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Protect Oceans, Protect Life

Frank Gromling
Frank Gromling

Those of us living on the Atlantic coast know there is a large ocean off our beach, but do we think about its importance to life on earth? I suspect not many of us give it much thought.

All of the world’s oceans cover more than 70% of earth’s surface.

Other than the sun, the oceans are the most important force affecting Earth's climate and, therefore, our ability to live. Fortunately, oceans absorb 98% of the sun’s radiation.

Surface currents transport nutrients and help determine the distribution of life in the ocean. They also redistribute pollution and hazardous materials that enter the ocean.

As if that is not enough, oceans and ocean life control the amount of carbon dioxide in the atmosphere, with oceans holding 50 times more carbon dioxide than the atmosphere. Almost half the carbon dioxide put into the air by burning fossil fuels is absorbed by oceans.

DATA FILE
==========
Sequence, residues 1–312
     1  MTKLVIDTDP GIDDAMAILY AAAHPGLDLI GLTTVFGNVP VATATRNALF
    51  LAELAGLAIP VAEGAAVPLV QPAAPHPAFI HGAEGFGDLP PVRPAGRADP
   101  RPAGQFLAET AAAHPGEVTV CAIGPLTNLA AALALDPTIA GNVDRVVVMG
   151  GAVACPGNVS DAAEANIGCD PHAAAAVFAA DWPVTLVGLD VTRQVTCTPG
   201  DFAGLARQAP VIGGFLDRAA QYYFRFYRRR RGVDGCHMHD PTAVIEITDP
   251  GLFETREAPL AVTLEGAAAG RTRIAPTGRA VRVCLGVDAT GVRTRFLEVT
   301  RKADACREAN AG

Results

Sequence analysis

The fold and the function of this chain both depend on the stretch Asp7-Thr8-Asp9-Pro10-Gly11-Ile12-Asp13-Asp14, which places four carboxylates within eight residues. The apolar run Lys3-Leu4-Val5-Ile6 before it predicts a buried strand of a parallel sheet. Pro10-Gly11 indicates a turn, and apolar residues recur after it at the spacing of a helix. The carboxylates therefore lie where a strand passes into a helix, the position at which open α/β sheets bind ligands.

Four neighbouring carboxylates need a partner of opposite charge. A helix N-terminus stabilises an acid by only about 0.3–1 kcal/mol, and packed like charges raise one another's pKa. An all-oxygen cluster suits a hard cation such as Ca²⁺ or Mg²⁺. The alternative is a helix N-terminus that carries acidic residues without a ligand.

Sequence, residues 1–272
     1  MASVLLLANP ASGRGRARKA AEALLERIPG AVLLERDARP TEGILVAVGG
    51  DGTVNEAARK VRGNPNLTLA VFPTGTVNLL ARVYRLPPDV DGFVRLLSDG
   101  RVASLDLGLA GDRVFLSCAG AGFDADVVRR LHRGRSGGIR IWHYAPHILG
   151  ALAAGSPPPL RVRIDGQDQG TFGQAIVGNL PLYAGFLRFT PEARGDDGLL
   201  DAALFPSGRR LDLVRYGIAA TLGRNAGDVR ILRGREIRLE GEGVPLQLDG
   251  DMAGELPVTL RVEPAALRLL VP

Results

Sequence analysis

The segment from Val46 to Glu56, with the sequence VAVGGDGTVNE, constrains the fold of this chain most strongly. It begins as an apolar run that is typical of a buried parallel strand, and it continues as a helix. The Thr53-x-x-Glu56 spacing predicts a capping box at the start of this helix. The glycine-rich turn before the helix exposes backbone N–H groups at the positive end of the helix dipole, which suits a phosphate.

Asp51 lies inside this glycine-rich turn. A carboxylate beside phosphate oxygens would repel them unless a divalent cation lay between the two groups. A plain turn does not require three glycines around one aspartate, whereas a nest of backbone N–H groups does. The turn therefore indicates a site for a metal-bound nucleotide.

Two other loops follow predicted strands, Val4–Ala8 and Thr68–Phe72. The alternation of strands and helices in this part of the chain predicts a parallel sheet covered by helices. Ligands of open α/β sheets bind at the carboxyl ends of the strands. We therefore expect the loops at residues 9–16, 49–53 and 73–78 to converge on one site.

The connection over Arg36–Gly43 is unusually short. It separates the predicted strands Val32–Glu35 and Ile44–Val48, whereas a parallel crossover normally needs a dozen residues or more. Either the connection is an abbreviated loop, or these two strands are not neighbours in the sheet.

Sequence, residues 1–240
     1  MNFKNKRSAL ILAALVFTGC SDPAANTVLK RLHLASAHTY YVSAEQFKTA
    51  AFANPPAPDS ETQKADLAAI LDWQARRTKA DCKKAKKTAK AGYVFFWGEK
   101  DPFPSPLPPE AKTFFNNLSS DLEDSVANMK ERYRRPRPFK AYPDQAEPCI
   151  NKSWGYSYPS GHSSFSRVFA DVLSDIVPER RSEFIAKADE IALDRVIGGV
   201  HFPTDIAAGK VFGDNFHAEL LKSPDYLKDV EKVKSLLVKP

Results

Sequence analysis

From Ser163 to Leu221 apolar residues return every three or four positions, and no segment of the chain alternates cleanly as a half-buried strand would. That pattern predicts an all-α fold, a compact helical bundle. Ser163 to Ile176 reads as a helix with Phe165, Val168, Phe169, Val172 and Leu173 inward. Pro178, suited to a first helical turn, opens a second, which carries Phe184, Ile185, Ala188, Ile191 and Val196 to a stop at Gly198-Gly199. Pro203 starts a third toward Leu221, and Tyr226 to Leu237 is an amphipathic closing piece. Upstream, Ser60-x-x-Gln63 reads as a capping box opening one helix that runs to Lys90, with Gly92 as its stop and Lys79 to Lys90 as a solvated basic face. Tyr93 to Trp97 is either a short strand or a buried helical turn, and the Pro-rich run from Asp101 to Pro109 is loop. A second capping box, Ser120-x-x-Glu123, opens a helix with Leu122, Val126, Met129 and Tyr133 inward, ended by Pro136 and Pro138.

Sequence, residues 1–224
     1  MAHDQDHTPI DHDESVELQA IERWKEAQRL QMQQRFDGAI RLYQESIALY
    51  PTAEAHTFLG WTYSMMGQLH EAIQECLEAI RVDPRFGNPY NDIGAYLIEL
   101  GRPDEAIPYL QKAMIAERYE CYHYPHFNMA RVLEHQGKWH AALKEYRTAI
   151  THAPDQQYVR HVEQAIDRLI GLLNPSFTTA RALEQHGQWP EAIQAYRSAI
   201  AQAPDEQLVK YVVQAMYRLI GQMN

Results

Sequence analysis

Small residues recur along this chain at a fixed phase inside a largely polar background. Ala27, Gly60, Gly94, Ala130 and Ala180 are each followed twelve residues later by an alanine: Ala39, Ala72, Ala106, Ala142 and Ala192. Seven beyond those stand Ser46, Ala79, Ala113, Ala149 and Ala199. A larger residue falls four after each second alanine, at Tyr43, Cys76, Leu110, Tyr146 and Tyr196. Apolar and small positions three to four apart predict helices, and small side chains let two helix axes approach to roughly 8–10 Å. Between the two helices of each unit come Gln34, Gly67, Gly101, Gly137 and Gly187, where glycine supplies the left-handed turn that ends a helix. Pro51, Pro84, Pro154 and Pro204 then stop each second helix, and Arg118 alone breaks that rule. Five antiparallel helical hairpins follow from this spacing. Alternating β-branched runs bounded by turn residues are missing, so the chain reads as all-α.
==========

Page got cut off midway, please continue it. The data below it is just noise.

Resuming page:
Also, about one billion people depend on fish as their primary food, and a large worldwide population is dependent on fishing for work. Modern medicine is studying the oceans and the life within to identify potential cures for a variety of illnesses, including arthritis, heart disease, HIV, Alzheimers, Parkinson’s, diabetes, and others.

When you visit our beaches, you will have the chance to enjoy one of the most beautiful areas in northeast Florida. The ocean waters bring with them untold treasures in terms of fish, crabs, crustaceans, seaweed, turtles, rays, dolphins, jellies, whales, and a host of species too numerous to name. Sometimes our beaches reveal special finds, such as shark’s teeth. A day at the beach is always full of possibilities.

While you are visiting the beach, I hope you do your part to pick up any human trash you see and put it into the nearby trash cans. “Leave only footprints.”